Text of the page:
Associated Press | EVERETT, Wash. - Boeing's new 787 jetliner finally got airborne Tuesday, the long-delayed inaugural flight of the world's first commercial plane mostly built from lightweight composite materials.
The sleek jet lifted off from Everett's Paine Field on a flight over Washington state, beginning an extensive testing program needed to obtain Federal Aviation Administration certification.
Hit the ground running. CityGoRound.com, a remarkably useful new website, has compiled tools that can help you get around wherever it is you’re heading. Just type in your destination city for up a list of websites and easily-downloaded apps for mobile phones (not just iPhones) that can get you up real-time help in navigating the mean streets.
Some of the available tools are tried-and-true favorites like Google Maps, but others possess that tingly magic of future must-haves:
The Daily Mail | A million people were left facing a nightmare Christmas today after British Airways staff voted to strike for 12 days right through the festive period.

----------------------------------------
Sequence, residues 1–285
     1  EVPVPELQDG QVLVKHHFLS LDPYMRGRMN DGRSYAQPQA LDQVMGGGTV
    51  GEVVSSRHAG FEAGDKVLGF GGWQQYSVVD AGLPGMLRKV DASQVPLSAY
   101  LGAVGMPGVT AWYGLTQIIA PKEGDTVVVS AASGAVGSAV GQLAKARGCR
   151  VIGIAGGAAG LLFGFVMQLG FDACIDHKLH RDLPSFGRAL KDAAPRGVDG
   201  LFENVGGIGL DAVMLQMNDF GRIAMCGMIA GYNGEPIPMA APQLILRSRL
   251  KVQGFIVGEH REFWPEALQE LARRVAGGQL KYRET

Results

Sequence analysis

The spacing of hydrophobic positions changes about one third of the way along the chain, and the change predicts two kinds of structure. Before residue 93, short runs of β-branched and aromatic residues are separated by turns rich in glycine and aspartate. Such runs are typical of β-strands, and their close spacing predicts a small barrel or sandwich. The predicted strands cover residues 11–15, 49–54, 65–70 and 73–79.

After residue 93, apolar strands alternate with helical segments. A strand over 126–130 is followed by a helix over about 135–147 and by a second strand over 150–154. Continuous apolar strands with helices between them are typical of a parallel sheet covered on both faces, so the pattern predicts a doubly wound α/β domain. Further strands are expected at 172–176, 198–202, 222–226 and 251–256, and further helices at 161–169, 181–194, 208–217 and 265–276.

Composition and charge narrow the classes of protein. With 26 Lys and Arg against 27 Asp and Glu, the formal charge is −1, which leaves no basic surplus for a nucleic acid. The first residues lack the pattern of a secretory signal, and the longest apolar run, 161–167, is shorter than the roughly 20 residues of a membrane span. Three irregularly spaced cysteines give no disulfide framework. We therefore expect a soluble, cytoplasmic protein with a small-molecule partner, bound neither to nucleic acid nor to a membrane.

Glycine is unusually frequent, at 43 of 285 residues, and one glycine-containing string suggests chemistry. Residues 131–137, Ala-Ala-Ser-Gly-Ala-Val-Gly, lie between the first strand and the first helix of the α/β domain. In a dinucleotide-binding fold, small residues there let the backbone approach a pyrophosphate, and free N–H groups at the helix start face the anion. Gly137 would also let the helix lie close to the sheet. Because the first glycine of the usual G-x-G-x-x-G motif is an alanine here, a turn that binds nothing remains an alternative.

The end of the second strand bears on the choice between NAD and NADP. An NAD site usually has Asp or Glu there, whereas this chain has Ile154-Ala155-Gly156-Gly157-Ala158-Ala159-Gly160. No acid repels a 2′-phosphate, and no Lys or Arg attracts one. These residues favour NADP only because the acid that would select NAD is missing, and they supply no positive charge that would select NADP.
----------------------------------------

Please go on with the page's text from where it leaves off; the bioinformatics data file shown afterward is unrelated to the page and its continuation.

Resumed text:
Union members voted massively in favour of their first walkout for 12 years as a bitter row over jobs, pay and working conditions escalated.
The industrial action will last from December 22 until January 2, hitting everyone trying to travel with BA over Christmas and the New Year.
We just learned that award-winning airline Dubai-based Emirates throws new sales every Tuesday at Emirates.com/spotlight. This week it’s discounted roundtrip economy-class tickets purchased (via the website) by $100.
ABC News | In a massive security breach, the Transportation Security Administration (TSA) inadvertently posted online its airport screening procedures manual, including some of the most closely guarded secrets regarding special rules for diplomats and CIA and law enforcement officers.
The most sensitive parts of the 93-page Standard Operating Procedures manual were apparently redacted in a way that computer savvy individuals easily overcame.
The document shows sample CIA, Congressional and law enforcement credentials which experts say would make it easy for terrorists to duplicate.
The improperly redacted areas indicate that only 20 percent of checked bags are to be hand searched for explosives and reveal in detail the limitations of x-ray screening machines.
I have a bee in my bonnet lately about something: When did everyone lose their manners? In the span of ten years, everyone—from the undergrad to the blue-haired grandma—has a wireless device. And everyone seems to be blabbing on it with no regard for their fellow human beings. Cell phone etiquette is at an all time low, if you ask me. And nothing puts my nerves to the test more than having to endure some type A conducting a full-scale business meeting at high volume three feet away from me on the train, in the airport, or on an airplane before it takes off. What will happen when cell phones are fully operable on planes in flight?